A terrorist attack was perpetrated on American soil, with American citizens held hostage in their place of worship for eleven hours – but in the aftermath almost silence. Yes, there have been interviews with Rabbi Charlie and yes there has been some coverage of events in the news. But this should have been THE front-page story – it was at the bottom of page 10 in The Globe on Sunday in case you were wondering. Rabbi Charlie should have become a household name for his courageous and heroic actions. And where were the messages of support for the Jewish community? Where are the lawns signs standing against antisemitism or standing with Congregation Beth Israel? Where is the outrage about what happened?
I don’t have a good answer.
There is a part of me that fears that this is another example of antisemitism. The perception, especially in America, is that we are affluent and secure, we aren’t looked at as a victimized minority, despite the fact that in 2020 over half of all religious bias crimes in the US were targeted against Jews. People have a blind-spot when it is Jews who are attacked, they just don’t notice it in the same way as certain other examples of hate. And I am also concerned that perhaps Dara Horn is correct, her book is entitled: “People Love Dead Jews,” and so in Colleyville because no innocent Jewish lives were lost, no-one is interested.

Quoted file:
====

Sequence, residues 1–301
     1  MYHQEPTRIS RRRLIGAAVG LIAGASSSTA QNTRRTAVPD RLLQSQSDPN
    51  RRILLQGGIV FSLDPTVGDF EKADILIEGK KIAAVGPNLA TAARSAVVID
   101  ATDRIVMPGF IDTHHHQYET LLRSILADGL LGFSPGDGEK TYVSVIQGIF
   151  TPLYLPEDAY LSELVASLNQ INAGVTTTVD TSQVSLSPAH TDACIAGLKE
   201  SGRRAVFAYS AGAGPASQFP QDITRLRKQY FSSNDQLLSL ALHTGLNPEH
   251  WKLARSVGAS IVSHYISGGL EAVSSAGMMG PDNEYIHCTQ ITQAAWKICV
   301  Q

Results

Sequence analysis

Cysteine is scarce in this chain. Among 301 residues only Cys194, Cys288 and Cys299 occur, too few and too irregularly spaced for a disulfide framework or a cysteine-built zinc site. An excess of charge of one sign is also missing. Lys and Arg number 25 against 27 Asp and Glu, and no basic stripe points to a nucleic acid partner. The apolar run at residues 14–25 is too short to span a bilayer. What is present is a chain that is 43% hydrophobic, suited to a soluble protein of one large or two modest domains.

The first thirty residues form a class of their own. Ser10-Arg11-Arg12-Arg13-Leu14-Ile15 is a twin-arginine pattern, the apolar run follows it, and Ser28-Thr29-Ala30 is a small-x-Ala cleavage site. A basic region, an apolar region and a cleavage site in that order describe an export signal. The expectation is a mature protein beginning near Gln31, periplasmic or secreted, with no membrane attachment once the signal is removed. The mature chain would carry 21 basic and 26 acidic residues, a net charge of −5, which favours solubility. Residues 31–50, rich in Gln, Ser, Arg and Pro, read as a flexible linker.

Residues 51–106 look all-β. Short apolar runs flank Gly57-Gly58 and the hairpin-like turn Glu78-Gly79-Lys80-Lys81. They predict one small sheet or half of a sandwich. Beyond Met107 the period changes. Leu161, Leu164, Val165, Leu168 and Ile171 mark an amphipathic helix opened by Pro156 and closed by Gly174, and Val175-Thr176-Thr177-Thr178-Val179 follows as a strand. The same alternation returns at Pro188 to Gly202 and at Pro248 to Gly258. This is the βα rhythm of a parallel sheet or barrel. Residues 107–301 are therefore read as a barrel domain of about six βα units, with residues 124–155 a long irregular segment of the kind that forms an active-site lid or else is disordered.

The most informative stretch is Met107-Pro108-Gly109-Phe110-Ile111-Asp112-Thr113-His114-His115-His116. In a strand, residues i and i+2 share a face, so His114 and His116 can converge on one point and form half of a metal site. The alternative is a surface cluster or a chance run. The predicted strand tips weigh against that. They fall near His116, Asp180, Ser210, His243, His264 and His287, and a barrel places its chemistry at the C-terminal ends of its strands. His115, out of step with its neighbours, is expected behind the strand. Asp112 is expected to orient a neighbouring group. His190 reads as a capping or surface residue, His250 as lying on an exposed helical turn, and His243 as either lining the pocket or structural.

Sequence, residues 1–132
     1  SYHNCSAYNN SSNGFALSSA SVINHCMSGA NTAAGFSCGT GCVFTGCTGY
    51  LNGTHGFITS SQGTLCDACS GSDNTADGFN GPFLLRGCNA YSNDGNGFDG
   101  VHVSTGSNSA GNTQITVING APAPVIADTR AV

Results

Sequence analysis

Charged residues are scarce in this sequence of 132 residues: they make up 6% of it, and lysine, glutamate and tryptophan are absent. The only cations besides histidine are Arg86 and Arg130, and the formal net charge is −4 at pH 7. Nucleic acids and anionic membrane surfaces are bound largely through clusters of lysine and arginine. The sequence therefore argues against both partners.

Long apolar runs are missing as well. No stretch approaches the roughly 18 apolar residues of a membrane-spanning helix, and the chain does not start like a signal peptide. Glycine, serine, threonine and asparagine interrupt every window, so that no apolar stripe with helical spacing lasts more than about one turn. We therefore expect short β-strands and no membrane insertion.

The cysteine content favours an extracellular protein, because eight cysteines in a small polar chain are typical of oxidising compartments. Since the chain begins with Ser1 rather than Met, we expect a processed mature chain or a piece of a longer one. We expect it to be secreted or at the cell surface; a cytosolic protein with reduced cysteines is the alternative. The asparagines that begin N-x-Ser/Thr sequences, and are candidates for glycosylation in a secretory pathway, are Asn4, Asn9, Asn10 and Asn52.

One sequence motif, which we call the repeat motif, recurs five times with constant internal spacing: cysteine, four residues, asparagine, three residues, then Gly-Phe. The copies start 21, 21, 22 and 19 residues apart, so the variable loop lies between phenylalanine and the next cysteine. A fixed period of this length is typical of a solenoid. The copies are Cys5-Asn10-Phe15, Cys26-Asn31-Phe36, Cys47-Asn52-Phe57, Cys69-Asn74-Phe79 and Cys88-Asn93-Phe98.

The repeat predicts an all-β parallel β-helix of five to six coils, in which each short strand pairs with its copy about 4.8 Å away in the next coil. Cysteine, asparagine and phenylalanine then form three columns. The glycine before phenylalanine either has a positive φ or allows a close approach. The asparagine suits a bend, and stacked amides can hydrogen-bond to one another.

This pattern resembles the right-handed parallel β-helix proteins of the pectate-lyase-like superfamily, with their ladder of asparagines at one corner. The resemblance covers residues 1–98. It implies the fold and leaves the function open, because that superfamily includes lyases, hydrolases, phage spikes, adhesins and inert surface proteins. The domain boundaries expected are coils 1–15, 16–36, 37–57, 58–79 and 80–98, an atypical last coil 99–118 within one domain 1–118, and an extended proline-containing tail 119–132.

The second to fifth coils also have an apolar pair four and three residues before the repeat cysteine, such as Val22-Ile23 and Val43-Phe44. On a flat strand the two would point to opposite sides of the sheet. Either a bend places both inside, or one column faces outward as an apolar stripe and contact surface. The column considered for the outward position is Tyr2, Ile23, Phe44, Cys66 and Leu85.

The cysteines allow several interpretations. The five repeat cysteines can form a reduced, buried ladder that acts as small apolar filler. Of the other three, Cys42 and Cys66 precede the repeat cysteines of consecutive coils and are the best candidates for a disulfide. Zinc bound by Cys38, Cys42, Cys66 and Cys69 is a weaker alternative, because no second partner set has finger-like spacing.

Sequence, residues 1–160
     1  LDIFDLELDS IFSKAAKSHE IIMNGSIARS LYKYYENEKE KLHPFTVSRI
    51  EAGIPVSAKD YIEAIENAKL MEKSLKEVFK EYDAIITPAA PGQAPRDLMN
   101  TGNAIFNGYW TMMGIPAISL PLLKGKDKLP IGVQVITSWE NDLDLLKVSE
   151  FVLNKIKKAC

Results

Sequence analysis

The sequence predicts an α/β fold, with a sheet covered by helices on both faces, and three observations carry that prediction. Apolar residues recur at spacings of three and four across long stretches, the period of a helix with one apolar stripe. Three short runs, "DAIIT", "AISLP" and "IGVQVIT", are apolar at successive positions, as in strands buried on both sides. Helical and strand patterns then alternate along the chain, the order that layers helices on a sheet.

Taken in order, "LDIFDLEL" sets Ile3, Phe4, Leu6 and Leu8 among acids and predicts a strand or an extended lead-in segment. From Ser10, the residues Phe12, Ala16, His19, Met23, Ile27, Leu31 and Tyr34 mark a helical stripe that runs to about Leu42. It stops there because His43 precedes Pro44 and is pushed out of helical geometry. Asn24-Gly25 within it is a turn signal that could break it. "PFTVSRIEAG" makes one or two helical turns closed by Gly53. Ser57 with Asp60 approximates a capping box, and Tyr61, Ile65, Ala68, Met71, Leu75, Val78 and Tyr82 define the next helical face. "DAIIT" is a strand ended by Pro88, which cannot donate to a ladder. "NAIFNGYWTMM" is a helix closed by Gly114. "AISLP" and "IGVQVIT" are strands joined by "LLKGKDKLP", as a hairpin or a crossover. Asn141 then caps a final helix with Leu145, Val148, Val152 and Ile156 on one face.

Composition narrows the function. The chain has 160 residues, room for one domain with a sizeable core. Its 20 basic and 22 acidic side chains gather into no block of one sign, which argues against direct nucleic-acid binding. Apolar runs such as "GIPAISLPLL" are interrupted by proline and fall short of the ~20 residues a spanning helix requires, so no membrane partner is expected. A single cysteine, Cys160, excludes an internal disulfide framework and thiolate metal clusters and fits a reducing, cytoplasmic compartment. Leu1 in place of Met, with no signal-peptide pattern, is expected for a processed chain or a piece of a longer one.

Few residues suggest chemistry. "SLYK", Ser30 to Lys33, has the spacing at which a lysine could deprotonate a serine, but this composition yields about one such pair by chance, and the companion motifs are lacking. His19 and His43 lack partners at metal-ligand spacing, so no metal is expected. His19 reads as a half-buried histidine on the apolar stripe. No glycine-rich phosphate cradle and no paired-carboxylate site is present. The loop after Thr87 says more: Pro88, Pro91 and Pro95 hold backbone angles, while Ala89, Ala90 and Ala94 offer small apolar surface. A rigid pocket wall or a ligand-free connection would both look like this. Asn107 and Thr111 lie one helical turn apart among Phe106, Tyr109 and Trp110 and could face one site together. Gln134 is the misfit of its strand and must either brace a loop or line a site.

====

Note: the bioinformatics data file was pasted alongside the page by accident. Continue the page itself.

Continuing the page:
If I want to be charitable, maybe they missed it as the media quickly lost interest, maybe they don’t understand why an antisemitic attack in Texas affects a synagogue in Wayland, maybe they don’t realize that we Jews invest millions of dollars in security spending to keep our synagogues, schools, and Jewish institutions safe.
But I am unwilling to be helpless. I hear in Rabbi Charlie’s prayer that we recited earlier a reminder that we always have power. And so, as I felt sad and isolated in the silence that followed the attack on Congregation Beth Israel, I reached out to my interfaith Clergy colleagues to let them know how I was feeling. I shared the pain, I shared the fear, and I shared the loneliness. And immediately they responded, they reached out with emails of love, concern, and support – for me, for our community, and for the Jewish people.
The silence did not mean they didn’t care, they just didn’t realize that I needed to hear from them. Sometimes we have to tell others what we need, we can’t always expect them to know. This is something that I have done personally as a Rabbi; we need to do it on an institutional level, on a political level, but we also need to do it on a personal level. If the silence was deafening, if the silence was painful, if the silence was troubling, I would urge you to reach out to the people in your lives, you may be pleasantly surprised by the response.